Bantustan in my head

I stopped burdening my mind, overloading it with information about the African countries I intend to travel through. It’s pointless.
I read a book called Bantustan, written by Uroš, Lazar and Marko, and that’s where I put a stop. Young men (young men at the time, now they’re not so young) wrote a great book, much more than just a travelogue. This book, among other things, confirmed what I have said many times before: you cannot follow someone else’s path, because that path ceases to exist the moment someone crosses it. That is exactly a detail that travel bloggers and those who feed on their reports (yes, reports, even though that word is too strong to describe the quality of their writing) don’t understand.
That’s the difference between a traveler and a tourist. A tourist goes somewhere because he wants to see or experience a specific place or a thing. A traveler goes to find something, not knowing at the beginning of the journey what he is looking for, or where to find it.
This time I will look for something in Africa. Not because Africa is the birthplace, in the anthropological sense, of modern man, not because it is insufficiently explored and geographically particularly interesting. Even though Africa is all that, my decision to visit it is, to be honest, guided by a much more prosaic reason. Due to family reasons, I will not be able to leave my village in Serbia until October. At that point autumn will start and immediately after – winter. So, if I want to travel by bike (and I do), I must head to the southern hemisphere.
Bantustan also confirmed my reasons for traveling alone. In extreme situations, after a couple of weeks of traveling together, quarrels begin over every little thing. Because little things in extreme situations cease to be so little. It can be that one can drive faster than the other, or that one wants to go around something that is 50 km to the east, and the other would prefer something that is 20 km to the west, and everything that used to tie them together at the beginning of the journey, falls apart at once. Even though it is safer to have company, that’s just the way it is. Company is not a solution to loneliness, because loneliness is not a matter of the company you are in, loneliness is within you.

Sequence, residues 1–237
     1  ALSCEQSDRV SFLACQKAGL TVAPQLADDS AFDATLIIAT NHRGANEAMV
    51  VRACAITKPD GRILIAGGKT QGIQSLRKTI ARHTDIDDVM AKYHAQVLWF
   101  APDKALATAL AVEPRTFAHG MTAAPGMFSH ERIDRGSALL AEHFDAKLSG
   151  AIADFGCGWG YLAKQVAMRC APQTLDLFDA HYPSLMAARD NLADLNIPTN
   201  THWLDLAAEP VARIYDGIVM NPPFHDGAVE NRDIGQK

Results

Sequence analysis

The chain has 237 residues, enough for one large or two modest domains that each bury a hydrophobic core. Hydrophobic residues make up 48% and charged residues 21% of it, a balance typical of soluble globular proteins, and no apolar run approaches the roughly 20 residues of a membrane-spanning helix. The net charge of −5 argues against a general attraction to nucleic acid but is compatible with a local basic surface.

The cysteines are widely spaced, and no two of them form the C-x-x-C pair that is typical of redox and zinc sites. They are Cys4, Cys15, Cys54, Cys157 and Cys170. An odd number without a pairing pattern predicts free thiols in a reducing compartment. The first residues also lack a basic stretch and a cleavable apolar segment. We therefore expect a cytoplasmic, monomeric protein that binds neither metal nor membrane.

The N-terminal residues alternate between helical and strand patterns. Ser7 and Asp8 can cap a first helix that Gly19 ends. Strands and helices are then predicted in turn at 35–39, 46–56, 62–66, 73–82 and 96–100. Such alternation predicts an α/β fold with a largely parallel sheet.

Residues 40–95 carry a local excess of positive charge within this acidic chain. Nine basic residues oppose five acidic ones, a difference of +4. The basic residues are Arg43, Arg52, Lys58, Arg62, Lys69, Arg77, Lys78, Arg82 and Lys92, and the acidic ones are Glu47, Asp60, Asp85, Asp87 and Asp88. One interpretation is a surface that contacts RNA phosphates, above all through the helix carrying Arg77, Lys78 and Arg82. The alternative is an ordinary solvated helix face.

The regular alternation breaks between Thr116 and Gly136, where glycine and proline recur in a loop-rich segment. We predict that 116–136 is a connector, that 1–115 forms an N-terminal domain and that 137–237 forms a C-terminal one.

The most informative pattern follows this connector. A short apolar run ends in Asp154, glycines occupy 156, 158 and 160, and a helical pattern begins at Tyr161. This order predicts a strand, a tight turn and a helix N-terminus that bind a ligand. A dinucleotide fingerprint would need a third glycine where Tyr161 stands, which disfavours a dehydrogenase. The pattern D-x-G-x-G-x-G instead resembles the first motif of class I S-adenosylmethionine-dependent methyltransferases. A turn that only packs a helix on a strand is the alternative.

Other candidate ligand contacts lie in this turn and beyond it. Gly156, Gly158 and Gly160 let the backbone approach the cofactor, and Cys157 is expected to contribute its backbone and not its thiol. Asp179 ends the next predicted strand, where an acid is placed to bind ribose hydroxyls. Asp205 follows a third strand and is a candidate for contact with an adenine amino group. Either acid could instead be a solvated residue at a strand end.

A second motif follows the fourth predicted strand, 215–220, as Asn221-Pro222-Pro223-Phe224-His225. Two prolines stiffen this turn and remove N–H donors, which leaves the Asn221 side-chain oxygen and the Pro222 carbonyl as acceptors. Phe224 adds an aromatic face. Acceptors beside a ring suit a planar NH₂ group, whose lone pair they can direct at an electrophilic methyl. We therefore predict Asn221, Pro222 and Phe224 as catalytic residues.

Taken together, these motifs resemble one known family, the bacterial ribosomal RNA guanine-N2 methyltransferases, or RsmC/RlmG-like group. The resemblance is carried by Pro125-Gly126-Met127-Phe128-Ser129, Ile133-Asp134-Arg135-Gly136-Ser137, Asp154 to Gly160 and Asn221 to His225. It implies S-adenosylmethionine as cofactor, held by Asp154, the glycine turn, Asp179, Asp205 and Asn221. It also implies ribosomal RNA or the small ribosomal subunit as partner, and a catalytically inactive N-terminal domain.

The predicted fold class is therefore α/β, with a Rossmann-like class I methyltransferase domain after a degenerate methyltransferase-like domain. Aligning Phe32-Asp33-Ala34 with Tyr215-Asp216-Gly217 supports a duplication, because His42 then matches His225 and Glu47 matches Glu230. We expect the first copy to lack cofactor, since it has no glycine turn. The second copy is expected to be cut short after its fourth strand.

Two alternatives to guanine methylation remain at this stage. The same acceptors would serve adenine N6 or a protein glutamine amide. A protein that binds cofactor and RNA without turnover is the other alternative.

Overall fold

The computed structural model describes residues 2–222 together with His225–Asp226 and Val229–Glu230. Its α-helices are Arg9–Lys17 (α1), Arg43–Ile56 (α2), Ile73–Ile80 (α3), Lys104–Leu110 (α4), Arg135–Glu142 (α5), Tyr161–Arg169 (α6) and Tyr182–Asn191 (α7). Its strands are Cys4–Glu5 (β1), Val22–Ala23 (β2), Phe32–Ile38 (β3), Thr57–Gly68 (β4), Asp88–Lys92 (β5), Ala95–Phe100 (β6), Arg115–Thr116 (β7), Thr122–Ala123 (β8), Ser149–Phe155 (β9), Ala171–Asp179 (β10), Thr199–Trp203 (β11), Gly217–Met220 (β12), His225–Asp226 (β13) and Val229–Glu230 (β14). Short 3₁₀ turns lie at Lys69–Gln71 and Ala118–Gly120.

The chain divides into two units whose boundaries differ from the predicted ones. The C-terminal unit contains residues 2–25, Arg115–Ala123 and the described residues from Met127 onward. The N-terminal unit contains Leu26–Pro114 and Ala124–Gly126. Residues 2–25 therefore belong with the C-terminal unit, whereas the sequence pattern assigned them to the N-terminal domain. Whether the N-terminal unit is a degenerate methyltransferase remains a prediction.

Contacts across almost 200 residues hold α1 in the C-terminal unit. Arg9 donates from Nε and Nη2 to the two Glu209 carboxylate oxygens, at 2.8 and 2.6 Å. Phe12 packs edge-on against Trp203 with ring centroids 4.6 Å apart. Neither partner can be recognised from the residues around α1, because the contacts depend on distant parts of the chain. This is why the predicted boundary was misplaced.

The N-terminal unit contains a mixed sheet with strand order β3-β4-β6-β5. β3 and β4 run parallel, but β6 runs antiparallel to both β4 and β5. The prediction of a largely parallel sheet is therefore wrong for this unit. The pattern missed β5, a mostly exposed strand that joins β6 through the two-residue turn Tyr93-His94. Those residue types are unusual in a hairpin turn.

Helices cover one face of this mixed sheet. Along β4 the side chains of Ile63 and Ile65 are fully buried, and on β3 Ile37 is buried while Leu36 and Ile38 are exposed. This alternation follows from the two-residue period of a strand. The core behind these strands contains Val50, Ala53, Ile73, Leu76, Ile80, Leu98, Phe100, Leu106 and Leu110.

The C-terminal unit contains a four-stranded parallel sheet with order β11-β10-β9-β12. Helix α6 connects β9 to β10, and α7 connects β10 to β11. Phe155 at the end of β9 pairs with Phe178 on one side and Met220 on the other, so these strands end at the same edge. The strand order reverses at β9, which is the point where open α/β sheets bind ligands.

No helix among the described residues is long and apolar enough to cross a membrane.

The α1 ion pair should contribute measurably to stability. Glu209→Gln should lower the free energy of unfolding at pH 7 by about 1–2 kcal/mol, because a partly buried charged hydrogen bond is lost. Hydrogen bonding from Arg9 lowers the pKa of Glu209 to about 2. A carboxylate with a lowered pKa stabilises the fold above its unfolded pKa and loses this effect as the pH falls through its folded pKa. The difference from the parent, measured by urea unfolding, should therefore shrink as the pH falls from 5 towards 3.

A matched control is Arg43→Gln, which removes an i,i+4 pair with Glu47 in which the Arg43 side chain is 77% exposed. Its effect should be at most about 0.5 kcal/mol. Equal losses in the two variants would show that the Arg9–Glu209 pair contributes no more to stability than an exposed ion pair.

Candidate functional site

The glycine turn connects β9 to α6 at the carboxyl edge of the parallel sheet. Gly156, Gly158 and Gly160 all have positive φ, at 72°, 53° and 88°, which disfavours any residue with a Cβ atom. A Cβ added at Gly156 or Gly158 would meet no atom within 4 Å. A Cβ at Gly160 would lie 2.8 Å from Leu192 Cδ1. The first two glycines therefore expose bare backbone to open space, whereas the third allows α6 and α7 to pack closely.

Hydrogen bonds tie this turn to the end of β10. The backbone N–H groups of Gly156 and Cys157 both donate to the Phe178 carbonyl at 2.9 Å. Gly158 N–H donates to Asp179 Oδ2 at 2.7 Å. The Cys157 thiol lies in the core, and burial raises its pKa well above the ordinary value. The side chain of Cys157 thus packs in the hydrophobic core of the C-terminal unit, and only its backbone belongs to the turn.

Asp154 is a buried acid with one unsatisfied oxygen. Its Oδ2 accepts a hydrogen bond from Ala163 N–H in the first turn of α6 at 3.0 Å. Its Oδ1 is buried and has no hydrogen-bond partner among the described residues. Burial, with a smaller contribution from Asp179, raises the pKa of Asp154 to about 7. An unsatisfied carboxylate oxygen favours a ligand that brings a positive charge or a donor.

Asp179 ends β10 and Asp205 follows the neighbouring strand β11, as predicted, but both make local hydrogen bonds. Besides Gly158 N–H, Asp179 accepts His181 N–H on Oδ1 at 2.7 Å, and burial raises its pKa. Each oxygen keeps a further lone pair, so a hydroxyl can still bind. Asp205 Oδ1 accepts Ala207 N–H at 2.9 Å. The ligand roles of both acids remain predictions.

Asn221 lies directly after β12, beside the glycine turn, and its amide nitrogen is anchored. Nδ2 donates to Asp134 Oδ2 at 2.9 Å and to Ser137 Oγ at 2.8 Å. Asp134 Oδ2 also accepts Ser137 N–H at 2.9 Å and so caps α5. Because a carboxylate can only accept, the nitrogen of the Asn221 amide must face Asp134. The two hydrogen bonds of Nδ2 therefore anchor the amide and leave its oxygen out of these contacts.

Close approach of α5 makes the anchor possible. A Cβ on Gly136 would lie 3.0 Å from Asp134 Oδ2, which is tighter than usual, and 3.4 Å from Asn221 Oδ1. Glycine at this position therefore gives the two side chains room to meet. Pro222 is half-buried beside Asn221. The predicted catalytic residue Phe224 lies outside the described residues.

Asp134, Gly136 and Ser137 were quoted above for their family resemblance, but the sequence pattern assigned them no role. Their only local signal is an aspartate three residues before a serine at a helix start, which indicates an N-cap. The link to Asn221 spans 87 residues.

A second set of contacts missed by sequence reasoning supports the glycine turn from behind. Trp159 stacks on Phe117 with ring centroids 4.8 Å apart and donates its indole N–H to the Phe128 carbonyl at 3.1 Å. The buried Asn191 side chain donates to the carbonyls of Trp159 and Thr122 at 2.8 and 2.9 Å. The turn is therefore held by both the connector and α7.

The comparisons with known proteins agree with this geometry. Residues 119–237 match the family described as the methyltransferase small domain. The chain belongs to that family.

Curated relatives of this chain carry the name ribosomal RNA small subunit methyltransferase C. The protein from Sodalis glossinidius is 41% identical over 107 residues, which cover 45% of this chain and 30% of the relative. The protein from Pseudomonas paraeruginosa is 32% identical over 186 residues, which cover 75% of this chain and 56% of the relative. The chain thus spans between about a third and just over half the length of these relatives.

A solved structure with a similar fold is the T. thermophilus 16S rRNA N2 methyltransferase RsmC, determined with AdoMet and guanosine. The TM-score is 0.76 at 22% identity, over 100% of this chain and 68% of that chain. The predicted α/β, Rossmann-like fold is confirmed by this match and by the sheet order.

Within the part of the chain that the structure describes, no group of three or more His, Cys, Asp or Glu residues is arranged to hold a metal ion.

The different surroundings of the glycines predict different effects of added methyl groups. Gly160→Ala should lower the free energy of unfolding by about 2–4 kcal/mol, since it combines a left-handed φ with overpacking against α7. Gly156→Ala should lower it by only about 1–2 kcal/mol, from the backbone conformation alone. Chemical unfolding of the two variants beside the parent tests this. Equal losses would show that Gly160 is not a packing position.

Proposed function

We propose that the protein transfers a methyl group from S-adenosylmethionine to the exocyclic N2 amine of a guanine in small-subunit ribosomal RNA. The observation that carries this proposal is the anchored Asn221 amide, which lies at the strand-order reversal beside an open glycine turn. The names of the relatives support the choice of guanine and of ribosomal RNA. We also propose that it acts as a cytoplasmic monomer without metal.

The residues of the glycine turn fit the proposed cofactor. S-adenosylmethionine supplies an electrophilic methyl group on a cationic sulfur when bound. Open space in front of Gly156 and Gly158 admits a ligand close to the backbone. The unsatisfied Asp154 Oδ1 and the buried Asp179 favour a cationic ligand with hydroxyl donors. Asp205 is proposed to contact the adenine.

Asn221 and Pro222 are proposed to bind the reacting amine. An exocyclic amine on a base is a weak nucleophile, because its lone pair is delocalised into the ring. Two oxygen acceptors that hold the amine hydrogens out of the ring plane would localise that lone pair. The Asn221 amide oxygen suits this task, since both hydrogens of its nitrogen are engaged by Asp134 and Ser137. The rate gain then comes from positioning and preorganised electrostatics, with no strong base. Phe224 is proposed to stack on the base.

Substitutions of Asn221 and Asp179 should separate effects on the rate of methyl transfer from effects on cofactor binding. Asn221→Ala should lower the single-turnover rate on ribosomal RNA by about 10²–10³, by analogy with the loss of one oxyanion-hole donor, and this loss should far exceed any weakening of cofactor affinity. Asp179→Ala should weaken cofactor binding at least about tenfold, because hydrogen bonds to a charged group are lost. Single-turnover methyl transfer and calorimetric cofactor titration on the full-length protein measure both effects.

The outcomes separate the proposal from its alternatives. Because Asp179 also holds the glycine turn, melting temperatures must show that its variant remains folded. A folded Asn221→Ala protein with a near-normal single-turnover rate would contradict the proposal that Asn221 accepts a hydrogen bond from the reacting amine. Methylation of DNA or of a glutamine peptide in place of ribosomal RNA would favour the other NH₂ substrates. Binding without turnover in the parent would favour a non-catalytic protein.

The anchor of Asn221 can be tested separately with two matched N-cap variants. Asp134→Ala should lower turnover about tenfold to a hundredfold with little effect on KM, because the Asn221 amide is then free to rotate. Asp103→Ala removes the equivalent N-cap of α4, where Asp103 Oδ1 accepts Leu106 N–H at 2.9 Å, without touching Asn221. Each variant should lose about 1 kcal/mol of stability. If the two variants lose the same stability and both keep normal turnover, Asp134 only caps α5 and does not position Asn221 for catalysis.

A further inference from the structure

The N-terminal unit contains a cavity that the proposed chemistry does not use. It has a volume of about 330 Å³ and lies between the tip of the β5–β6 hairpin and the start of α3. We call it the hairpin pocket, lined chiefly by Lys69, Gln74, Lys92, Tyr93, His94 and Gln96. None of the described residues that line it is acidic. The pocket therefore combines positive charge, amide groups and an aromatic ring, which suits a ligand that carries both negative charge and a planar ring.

I know the basic geography facts. I also know a thing or two about people, that is the tribes that I could meet. Everything else is variable on a daily or monthly basis. The rest of the things I still need to figure out are: how to get a visa for each country separately (for example, guys I mentioned failed to enter Ethiopia due to visa problems) which vaccines are mandatory and when should I get vaccinated, and what, apart from Autan and a mosquito net, should I bring so I don’t get malaria. Maybe some other issues as well, I guess I will find out by October.
In addition to these questions, a reader not infected with travel (travel, not tourism) might also ask me one more: why do I have to go anywhere, in the first place? Answer to that question probably deserves another text, although I’m not sure any text would be able to explain. But I will try to write something about this topic in the days to come, even though no one asked me.
I also ordered a couple of books by African authors, that should arrive after the holidays. The rest is getting physically prepared, getting in shape.
And that’s all that can be done, because you can’t really prepare for Africa, if you’re not in Africa.

(the separate photo is a screenshot from the website)